So, Guambat encourages you to look at the situation with an open, skeptical and sensitive mind, and not be guided by your knees.

Guambat hails the concept of protection of the marine resources, but thinks that it should not be done in a rushed manner that threatens the cultural resources of the Pacific Island people. In Alaska, Australia and elsewhere, worthwhile conservation efforts are conducted in a manner that takes into account the ancient uses of the resources. The ancient uses did not bring those areas into near catastrophe and should not be punished by attempts to clean up from the modern uses which did bring about the damages.

If there are to be Pacific Island Marine reserves, and Guambat favours the notion, they should be established sensibly and not in some mad rush to polish Bush's rotten apple.

Suggested reading:
Bush Eyes Unprecedented Conservation Program
Letter to the Editor: A perspective on the Pew proposal
Bush proposes protections for Pacific islands, atolls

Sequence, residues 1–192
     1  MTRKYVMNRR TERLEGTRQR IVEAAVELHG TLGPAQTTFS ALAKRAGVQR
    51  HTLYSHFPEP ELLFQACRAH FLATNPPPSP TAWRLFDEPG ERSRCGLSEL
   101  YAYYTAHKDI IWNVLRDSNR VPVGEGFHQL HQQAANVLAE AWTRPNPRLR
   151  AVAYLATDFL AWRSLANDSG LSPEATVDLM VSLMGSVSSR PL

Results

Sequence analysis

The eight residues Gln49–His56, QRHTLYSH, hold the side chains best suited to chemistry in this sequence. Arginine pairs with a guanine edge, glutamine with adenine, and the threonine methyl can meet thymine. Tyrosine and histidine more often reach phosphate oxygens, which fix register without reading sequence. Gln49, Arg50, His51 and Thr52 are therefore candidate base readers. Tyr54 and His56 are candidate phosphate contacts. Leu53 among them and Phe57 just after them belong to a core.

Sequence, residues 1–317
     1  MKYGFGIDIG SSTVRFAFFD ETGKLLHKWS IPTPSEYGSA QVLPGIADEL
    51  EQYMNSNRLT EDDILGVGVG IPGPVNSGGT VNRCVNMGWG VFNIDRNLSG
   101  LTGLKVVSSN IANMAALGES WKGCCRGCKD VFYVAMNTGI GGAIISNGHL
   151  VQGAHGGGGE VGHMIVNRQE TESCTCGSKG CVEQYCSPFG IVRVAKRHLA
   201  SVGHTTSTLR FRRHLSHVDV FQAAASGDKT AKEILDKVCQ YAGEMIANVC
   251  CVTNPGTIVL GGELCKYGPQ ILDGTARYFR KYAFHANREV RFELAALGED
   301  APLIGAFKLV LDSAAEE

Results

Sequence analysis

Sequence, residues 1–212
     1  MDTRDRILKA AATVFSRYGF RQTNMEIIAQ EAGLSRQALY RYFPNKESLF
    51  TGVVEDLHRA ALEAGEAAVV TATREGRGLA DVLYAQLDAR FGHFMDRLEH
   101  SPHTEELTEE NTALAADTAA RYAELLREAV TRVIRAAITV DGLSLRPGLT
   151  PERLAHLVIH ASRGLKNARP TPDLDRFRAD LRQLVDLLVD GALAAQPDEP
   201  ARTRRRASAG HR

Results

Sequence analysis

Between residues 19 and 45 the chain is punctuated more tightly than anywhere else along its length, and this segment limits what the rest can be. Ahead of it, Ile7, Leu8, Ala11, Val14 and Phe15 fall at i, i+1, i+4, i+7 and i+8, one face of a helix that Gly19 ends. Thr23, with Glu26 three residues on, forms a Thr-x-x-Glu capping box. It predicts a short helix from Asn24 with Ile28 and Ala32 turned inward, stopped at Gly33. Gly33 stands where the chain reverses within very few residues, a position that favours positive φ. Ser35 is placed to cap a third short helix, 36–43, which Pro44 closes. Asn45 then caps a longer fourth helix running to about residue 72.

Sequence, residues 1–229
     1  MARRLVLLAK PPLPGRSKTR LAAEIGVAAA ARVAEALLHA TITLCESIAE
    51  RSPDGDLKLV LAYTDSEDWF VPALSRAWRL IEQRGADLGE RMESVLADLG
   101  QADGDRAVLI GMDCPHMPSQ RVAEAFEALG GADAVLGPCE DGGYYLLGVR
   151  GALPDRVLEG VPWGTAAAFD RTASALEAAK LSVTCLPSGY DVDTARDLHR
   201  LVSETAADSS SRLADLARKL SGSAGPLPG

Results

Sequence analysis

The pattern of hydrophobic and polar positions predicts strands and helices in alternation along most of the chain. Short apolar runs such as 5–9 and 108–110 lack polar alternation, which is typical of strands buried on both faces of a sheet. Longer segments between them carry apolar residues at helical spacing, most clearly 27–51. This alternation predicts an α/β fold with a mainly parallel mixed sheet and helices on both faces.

'Federalization' of Pacific waters
Gov’t urges Bush to reject monument proposal
editorial: Oppose the Marianas Monument

* Guambat cruised through a variety of Pacific Islands this year from Fiji to Guam. It was noteworthy that, even on big islands like Guadalcanal, the first people usually seen from the ship when approaching an island were single fishermen in their little boats.

This photo was taken on Ifalik Island and Lagoon, in Yap State, Federated States of Micronesia. Scenes such as these were captured by others, such as this and this, and Guambat can vouch that this is similar to what he saw just a few months ago.


26 Oct: Guam fishermen caught on to the downside to this issue a bit late in the game, and are trying to play catch-up in their efforts to maintain access rights to their southern fishing grounds. See Bush plan to restrict fishing: